Hartland Point LighthouseEdit profile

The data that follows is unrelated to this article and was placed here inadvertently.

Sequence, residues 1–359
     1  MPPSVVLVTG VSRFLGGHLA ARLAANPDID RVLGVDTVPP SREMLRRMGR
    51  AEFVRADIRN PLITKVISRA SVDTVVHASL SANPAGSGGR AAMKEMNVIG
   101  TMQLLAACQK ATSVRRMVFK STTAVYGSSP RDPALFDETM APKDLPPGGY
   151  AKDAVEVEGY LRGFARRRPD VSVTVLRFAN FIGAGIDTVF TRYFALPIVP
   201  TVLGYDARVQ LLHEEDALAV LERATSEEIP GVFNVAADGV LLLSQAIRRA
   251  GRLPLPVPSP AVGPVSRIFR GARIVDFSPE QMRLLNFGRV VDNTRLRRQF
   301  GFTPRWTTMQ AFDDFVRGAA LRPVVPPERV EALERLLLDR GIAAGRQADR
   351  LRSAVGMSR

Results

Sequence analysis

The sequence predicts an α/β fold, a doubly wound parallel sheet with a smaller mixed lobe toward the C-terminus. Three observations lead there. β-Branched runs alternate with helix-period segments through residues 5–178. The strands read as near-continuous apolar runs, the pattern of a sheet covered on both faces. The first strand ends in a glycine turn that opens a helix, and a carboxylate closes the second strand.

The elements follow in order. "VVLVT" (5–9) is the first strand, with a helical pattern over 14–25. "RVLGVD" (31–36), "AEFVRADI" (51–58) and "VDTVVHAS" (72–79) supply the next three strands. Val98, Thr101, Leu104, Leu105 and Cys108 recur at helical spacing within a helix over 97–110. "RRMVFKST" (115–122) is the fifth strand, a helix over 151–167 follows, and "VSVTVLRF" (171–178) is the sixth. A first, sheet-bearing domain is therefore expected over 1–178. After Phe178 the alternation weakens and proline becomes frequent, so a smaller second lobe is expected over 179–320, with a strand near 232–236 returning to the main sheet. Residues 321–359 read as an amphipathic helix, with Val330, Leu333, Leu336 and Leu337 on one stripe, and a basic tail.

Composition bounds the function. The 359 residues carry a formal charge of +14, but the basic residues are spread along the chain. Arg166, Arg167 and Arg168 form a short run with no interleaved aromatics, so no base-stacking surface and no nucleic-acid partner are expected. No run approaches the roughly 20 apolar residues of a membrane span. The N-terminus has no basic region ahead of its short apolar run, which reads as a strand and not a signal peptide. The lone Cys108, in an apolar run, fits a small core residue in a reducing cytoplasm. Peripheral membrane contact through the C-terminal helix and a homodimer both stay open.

Hartland Point Lighthouse is a Grade II listed building at Hartland Point, Devon, England. The point marks the western limit (on the English side) of the Bristol Channel with the Atlantic Ocean continuing to the west. Trinity House, the lighthouse authority for England and Wales, have a lighthouse on the tip of the peninsula. Built in 1874 by Mr. Yerward of Wales under the direction of Sir James Douglass, the tower is 18 metres (59 ft) tall with the lamp being 37 metres (121 ft) above mean sea level. The light can be seen up to 25 miles (40 km) away from the coast. It is protected by a 30 metres (98 ft) long sea wall which was built in 1925 to prevent erosion of the rocks on which it stands. It was blessed by Frederick Temple, Bishop of Exeter, who later became Archbishop of Canterbury, and the light was lit for the first time by Lady Stuckley of Hartland Abbey during the opening ceremony on July 1, 1874. The tower was automated in 1984 and is now controlled from Trinity House Operations Centre at Harwich in Essex. Prior to automation the lighthouse was built with accommodation for four keepers and their families. The keepers' dwellings have since been demolished to make room for a Helipad to be constructed. This was necessary due to the precarious nature of the access road which is liable to frequent rock falls and landslips. Vehicular access is now very difficult and the gates tend to remain locked. The large concrete structures immediately to the south of the lighthouse were to provide the keepers with fresh water. In the 2010 Aids to Navigation Review, by Trinity House, they proposed to discontinue the Hartland Point Lighthouse Station on grounds that Global Positioning Systems are superseding lighthouses as the most important navigation aids.